Ryan Lichttenegger at Steel Wheel Farm outside of Fall City. File photo

Ryan Lichttenegger at Steel Wheel Farm outside of Fall City. File photo

Snoqualmie Valley farmers adapt to COVID-19

From managing employee safety to finding seeds, it’s a whole new world for local farms.

For farmers in the Snoqualmie Valley, the COVID-19 pandemic is changing how they do business as restaurants remain shut and people stay indoors.

For Siri Erickson-Brown, who runs Local Roots Farm near Duvall with her partner, the pandemic has provided no shortage of challenges. One of the biggest for her family is figuring out child care while running a farm.

“Any two-income household where people have jobs, especially where you own your own business and don’t really have any alternatives,” she said. “We’re just kind of scrambling every day.”

Keeping her employees healthy, finding the right model for distributing produce and buying seed have all been challenges, both for Erickson-Brown and farmers around the valley.

Cynthia Krass, director of the Snoqualmie Valley Preservation Alliance, which works with farmers in the region, said there’s been a shift to farm stands and direct-distribution models as restaurants remain shuttered.

Direct-distribution plans, where produce is mailed to buyers, have been in high demand. The Snoqualmie Valley Farmers Cooperative sold out of its spring subscriptions already, and summer slots are going fast.

“People are buying, consumers are generally responding by wanting to buy direct,” Krass said.

For Ryan Lichttenegger of Steel Wheel Farm, it’s been a balancing act between trying to predict how much demand there will be, and how many people to hire. His farm has a full crew returning from previous years, but he’s been fielding requests from a number of people who are stuck at home and want to work.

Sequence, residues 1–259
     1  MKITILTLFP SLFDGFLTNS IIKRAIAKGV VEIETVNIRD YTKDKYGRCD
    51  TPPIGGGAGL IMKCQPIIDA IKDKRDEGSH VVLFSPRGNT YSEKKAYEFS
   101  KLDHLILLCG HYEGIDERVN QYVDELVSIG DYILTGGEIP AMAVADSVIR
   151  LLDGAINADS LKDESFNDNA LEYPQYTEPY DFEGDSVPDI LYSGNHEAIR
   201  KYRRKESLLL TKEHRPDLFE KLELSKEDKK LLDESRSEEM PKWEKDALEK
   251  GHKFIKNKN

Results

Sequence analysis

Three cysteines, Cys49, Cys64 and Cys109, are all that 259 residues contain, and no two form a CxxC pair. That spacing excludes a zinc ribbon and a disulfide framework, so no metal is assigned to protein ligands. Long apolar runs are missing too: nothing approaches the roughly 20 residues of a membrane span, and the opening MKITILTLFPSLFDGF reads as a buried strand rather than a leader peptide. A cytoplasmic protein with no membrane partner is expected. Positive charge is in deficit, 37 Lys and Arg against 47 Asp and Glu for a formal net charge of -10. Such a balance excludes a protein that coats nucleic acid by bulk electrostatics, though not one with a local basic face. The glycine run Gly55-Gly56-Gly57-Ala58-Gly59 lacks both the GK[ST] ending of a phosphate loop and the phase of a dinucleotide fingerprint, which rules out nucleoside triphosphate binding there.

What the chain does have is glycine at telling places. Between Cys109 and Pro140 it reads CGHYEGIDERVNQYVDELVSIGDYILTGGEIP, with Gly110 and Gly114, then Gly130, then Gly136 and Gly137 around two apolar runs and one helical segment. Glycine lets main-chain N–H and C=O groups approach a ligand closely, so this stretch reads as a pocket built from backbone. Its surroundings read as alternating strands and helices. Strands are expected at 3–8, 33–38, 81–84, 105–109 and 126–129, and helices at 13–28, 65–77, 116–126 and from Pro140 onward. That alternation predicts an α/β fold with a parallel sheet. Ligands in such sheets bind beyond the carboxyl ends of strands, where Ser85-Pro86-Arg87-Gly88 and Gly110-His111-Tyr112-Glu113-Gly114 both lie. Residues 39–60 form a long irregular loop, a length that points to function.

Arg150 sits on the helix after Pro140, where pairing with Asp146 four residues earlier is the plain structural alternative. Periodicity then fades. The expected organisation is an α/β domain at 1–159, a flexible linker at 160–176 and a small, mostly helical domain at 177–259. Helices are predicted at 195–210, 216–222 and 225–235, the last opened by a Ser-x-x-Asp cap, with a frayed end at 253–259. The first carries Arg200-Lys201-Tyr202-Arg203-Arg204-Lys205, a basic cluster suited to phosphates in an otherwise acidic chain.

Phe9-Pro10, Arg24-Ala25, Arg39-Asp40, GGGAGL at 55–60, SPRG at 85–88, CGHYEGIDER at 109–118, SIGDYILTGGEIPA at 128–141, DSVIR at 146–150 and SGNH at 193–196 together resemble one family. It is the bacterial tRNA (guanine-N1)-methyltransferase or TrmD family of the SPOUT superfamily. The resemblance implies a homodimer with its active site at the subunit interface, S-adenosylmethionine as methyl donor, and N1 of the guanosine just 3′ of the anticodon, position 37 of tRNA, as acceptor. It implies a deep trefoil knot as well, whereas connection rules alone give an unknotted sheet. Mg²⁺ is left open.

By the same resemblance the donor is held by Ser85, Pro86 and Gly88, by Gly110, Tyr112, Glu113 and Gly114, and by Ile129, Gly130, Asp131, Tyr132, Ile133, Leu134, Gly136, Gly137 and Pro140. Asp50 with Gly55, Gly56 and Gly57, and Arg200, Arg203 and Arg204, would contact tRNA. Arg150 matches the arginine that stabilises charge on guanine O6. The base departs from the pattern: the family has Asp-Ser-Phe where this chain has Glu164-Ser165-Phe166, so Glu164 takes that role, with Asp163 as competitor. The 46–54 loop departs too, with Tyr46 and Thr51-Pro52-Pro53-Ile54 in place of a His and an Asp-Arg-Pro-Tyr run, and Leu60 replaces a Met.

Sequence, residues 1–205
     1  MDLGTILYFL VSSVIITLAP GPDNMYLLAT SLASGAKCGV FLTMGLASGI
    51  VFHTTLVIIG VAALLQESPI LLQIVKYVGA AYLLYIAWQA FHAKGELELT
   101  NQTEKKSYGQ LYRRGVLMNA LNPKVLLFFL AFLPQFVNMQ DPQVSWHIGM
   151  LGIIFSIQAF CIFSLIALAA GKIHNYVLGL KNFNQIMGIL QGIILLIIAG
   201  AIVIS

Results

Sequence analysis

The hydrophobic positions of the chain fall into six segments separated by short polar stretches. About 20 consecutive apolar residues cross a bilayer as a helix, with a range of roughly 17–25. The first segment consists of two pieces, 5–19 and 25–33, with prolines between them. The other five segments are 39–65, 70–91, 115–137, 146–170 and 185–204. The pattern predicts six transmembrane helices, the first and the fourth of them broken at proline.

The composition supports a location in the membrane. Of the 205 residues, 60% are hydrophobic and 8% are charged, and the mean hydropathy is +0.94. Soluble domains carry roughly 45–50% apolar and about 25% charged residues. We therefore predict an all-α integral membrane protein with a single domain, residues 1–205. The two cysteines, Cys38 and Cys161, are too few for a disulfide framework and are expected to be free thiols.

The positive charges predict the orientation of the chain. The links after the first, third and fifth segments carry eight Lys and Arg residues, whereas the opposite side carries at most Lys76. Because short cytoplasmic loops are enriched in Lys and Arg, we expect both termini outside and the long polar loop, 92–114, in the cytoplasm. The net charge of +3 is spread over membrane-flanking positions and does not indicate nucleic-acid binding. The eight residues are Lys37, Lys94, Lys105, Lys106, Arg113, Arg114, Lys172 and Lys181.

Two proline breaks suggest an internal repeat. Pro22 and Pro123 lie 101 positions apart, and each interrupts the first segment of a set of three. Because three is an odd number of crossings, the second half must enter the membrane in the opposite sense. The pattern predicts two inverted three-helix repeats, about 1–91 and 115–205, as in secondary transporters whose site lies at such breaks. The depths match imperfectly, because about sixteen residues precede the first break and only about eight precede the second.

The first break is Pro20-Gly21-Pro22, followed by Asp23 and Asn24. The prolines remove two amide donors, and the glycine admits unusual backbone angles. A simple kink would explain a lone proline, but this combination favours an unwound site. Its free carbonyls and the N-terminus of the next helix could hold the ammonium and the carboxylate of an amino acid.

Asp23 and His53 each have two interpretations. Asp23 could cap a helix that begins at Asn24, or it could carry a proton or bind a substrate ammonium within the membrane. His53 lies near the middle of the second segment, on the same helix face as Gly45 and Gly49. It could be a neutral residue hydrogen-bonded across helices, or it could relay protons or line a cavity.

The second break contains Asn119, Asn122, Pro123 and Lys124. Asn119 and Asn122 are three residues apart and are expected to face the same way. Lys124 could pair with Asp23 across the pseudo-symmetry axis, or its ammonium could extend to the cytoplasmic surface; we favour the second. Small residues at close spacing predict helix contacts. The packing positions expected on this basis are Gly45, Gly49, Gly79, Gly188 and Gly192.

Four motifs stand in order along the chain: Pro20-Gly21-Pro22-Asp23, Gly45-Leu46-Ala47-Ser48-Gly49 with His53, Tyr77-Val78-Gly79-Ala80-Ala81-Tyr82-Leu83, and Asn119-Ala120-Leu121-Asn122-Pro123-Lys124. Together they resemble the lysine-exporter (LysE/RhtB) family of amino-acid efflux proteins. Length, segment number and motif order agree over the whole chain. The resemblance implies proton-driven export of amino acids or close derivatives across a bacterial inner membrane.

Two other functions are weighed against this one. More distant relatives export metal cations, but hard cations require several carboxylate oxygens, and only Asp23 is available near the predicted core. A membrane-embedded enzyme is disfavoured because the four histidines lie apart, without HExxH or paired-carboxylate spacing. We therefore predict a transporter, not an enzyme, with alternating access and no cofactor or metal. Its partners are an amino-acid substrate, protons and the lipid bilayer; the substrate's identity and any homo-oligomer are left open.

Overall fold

“We’re pretty set for labor, although with the uncertainty of outlets, most of our business was to restaurants and farmers markets,” he said.

Lichttenegger said the pandemic is creating a renewed interest in local foods. The onsite farm stand at Steel Wheel has seen an uptick in customers. It has been the same at Local Roots.

As the pandemic has unfolded, stories of grocery stores running out of staple products has been commonplace.

“Our customers are really appreciative for local food, and they realize how fragile the U.S. food chain is,” he said.

The foods farmers usually ship to restaurants is a different mix than direct-distribution models require. Farmers are still deciding which crops they should grow, and how much. Erickson-Brown said she has until the end of May to decide.

Getting seed has a mixed bag for the two farmers. Lichttenegger said his local distributor was fully stocked, while Erickson-Brown said there has been some trouble getting the variety they need.

Some seed companies around the country have stopped accepting new orders so they can fill their regular customers’s demand.

While the owners of Steel Wheel and Local Roots farms seem determined, and even somewhat optimistic about the future, other farmers are having more trouble adapting. Krass said farmers that were already in distress, or had significant debt, could be in even more trouble.